In a recent guest column, Charles A. Hagberg presented his historical perceptions, current views, and speculated about the future of public education. He offered a very sketchy and biased history of public education in my opinion. I found his attempt to paint a picture of the future of education interesting in much the same way a science fiction book holds my attention for a few moments. I guess I have more faith in the human "being" than to believe for one minute that parents will place the education of their children in the hands of a computer. In one regard Mr. Hagberg's own ramblings point to the fatal flaw of the very Internet that seems to fascinate him so. Somebody has to be responsible to monitor fact versus fiction.
Too much of what is available on-line doesn't pass even the most basic of accuracy of information standards. People can post whatever they want on-line and then unsuspecting browsers, or worse - students trying to obtain factual information on a given topic, read it and take it for fact. Folks who spend a lot of time on-line will tell you that you have to perform background checks on authors, or entities, posting information on-line before you an judge the validity of their information. I would argue the same is true of Mr. Hagberg based on his often slanted, and in this case inaccurate, description of American history in regards to public education.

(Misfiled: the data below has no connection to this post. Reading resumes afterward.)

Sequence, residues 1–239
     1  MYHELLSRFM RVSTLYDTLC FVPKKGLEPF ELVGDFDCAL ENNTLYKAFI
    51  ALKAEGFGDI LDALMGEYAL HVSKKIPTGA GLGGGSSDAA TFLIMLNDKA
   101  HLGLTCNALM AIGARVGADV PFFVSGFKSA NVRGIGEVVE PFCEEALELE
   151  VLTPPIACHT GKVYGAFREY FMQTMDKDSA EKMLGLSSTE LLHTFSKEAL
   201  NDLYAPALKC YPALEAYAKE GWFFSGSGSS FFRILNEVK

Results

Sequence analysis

Mr. Hagberg wrote, "Then came the teacher's unions which required contracts, in-step raises, and higher costs." It is a documented fact that the step and lane salary schedule was developed and implemented by two school boards (one in Iowa and another in Colorado) around the year 1940. To claim that teacher unions get the credit/blame (depending on your perspective) for the mechanism of paying teachers that quickly spread across the nation on its merits is simply not true. Members of these landmark school boards were in fact educated citizens who felt that paying teachers for increasing experience in the classroom and also for continuing their formal education was a proper blend; and in the best interest of the children they were charged with educating. These stewards of their children's futures realized that the invaluable life experiences teachers deal with every day in the classroom facilitate the teacher's growth as a professional educator who is better able to deal with the multitude of situations that can and do occur while working with students. So, they put in place incremental increases in salary for the first portion of a teacher's career to compensate him/her for this experience that can only be obtained while teaching. Today, many people actually perpetuate another misconception believing teachers get a step raise every year that they teach and this is simply not the case either. Such steps are in place initially and usually stop after a dozen or so years in the profession. Remember, always check the source of your information (this can be very difficult on the Internet) as repeating what you read may or may not be the straight scoop.
TIM EDINGER is a fifth grade teacher at Forestview Middle School.
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